Blurb: When deaf eighteen year old Craig Short leaves home to attend the prestigious school for the deaf, little did his parents know it would be the death of him?
Excerpt: Dough said he and Cybil never dreamed the killer was Mitch. He recalled how kind and thoughtful Mitch was to them at the candlelight vigil. He even helped organize it. He said it must be true; looks are deceiving.
The campus was elated with the news of the incarceration. Gaullet was now safe again, many felt. No longer would the students need to travel in groups, or escorted by campus security to their classes. Many students were shocked to discover whom the police had in custody. Most disbelieved the killer was Mitch.
One said Mitch could not kill anyone. He claimed Mitch refuses to kill spiders when he finds them inside his room. “He picks them up and carries them outside,” he said.
Another who claimed knowing Mitch for years said Mitch never said an unkind word about Craig, calling the two “best friends.”
Some began to wonder if the police had the right person in custody, or did law enforcement make an arrest to soon? One week later, the grand jury summoned Mitch. With many students still reeling from Craig’s murder, Mitch’s friends rallied to his defense and attended the hearing. His incredulous parents, Randy and Alice Miller, also attended.
Through their interpreter, the couple told the press that Mitch was no murderer, and they did not believe he confessed, as was reported. They claimed Mitch encouraged persons with normal hearing to study sign language, saying, “It is an art form.”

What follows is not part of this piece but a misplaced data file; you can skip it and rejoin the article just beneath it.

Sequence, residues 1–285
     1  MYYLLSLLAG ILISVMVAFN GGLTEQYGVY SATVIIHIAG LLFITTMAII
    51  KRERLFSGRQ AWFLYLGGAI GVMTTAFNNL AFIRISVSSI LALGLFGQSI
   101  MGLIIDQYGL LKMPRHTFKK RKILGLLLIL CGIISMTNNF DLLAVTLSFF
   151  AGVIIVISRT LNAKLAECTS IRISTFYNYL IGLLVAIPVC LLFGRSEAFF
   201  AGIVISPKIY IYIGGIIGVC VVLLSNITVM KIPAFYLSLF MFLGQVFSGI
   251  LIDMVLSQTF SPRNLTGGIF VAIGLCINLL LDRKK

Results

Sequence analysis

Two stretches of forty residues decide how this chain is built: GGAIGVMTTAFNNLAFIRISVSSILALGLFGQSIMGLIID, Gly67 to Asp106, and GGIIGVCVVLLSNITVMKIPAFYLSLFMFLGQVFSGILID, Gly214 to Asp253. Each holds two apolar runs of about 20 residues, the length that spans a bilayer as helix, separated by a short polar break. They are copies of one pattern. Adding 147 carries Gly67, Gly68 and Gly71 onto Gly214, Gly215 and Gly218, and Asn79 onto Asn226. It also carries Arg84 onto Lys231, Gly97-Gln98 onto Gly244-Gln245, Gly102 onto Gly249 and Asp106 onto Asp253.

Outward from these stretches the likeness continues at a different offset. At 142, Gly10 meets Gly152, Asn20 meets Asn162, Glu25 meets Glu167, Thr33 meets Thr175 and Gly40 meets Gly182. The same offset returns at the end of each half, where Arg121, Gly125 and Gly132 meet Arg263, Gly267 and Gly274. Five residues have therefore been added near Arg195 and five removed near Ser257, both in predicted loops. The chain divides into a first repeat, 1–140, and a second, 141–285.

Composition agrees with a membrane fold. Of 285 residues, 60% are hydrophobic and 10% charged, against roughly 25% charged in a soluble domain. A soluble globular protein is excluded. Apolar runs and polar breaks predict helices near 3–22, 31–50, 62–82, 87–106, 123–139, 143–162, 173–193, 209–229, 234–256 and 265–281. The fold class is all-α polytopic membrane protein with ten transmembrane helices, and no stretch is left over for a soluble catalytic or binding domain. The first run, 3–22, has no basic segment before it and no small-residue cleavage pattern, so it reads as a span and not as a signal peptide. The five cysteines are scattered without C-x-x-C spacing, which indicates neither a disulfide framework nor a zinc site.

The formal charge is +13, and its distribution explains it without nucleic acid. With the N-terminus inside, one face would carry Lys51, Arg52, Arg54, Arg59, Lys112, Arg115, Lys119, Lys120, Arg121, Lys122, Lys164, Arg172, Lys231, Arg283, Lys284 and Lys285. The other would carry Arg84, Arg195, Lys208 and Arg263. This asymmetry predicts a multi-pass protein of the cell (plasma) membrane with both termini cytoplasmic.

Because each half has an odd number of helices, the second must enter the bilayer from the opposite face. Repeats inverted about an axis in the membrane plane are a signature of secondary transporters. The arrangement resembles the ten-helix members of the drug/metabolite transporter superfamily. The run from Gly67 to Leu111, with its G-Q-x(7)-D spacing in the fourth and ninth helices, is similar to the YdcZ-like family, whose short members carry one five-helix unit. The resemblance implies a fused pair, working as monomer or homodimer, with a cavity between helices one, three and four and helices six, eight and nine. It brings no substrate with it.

Unfortunately, for Detectives Marker and Morrison, at the Grand Jury arraignment, the U.S. Attorney’s Office dropped the charges against Mitch, citing insufficient evidence. According to the Attorney General, since Mr. Miller did not actually confess to the murder, his office did not feel a release from custody was the right choice, but Mr. Miller was still a suspect and the only suspect authorities had at that time.
What the public did not know, was that Detective Marker possessed a mixed performance record. Nearly half of his cases within six years on the force remained unsolved, and many arrests dismissed for lack of evidence. He was an “arrest now and find evidence later” kind of cop, which did not set well with his superiors.
The case detectives were sure Mitch was the killer and kept him under strict surveillance. They followed him everywhere, hoping he would slip up and reveal he was the killer. According to Det. Marker, the police merely had to apply more hard work and get evidence to nail Mitch Miller. He believed Mitch had motive and opportunity, to commit this crime.